Google Speech to Text (through youtube)
so we’ve all seen episodes of the Dragons Den where the entrepreneur walks in with a really great idea good-looking numbers the Dragons are eating out their hands and then one of the Dragons pipes up let’s see your contract and all the sudden the entrepreneur looks exposed because they thought they had a contract they don’t what they have is a some verbal understanding your commercial contracts are really important to your business they should be kept clear concise to the point to add value when seeking investment or indeed if you come to sell the business also commercial contracts are really important to avoid conflict because both sides of the contract should know what their obligations are and what their rights are
So we’ve all seen episodes of the Dragon’s Den, where the entrepreneur walks in with a really great idea, good looking numbers that dragons reaching out their hands. And then one of the dragons pipes up. Let’s see your contract over something. The entrepreneur let’s exposed because they thought they had a contract. They don’t. What they have is a some verbal understanding your commercial contracts of really important to your business. They should be kept clear, concise to the point. Add value when seeking investment, or indeed, if you come to sell the business. Also, commercial contracts are really important to avoid conflict because both sides of the contract should know what their obligations are, what their rights on.
As you can see from the output above, while the Mozilla software makes a good guess at a lot of the content, it also gets confused in other parts, inventing new words along the way and joining others together to form a rather useless text that does not represent what has been said at all well. I’m sure its abilities will improve as more time is spent by the community training the neural network. However, Google and Amazon clearly have the upper hand – which is not surprising, given their extensive user base and resources.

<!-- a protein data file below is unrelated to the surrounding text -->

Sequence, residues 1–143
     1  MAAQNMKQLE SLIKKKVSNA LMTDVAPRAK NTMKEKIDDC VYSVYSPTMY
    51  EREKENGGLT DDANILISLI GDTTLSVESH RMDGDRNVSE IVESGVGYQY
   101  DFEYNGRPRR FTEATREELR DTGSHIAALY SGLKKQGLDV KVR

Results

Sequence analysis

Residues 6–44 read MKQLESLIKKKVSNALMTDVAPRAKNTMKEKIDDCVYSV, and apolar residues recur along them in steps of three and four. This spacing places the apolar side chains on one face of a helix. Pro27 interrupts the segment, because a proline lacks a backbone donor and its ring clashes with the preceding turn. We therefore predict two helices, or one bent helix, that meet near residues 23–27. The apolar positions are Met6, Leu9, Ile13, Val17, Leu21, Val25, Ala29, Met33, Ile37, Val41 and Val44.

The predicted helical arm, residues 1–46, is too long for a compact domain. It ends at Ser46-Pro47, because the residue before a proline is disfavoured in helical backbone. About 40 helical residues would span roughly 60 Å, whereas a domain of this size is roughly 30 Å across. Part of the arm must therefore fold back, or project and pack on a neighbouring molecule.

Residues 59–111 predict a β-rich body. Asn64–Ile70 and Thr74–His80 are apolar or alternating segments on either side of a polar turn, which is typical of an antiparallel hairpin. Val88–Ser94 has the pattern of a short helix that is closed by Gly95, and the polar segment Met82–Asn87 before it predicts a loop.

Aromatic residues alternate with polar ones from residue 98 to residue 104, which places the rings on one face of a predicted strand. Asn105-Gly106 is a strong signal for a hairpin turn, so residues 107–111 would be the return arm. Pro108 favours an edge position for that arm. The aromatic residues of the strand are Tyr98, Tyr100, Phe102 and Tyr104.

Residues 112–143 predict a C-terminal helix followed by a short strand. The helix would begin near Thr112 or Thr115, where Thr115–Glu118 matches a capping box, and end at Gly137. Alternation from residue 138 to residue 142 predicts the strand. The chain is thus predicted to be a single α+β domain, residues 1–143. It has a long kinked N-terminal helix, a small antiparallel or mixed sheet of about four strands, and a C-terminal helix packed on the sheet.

While Amazon Transcribe makes a very good attempt, even adding punctuation where it predicts it should appear, it is not 100% accurate in this case. Some words are mis-interpreted and others are missing. However, in the main, the words that are confused are not essential to the understanding of the video.
Google Speech to Text makes the best attempt at transcribing the video, getting all words 100% correct, and even adding capital letters for proper nouns that it clearly recognises. There are options to insert punctuation when using the API, but this feature is not available in the YouTube conversion process.
From this (preliminary and admittedly small) test, it seems you get what you pay for: the most expensive service is the most accurate and the cheapest is the least accurate. Also, the headline cost of using Google Speech to Text on 8000 hours of video is not necessarily accurate. We need to remember that not all of this content is actively used: this is an accumulation of 8 years of content, and it’s possible that only a small fraction of it is still actually being watched. We now need to spend some time interrogating our video statistics to determine how much of the old content really needs to be transcribed.
The best value compromise, if we choose to continue to host video ourselves, may be to transcribe all future videos and any that have been watched at some point in the last year. In addition, it should be possible to provide an ‘on-demand’ service, whereby videos are flagged by users as requiring a transcription at the click of a button. Once flagged, the video is queued for transcription and a few minutes later a transcription is made available and the user alerted.
Video title: Warner Goodman Commercial Contracts.
Copyright: Lynda Povey ( Enterprise Adviser) nest, The University of Portsmouth.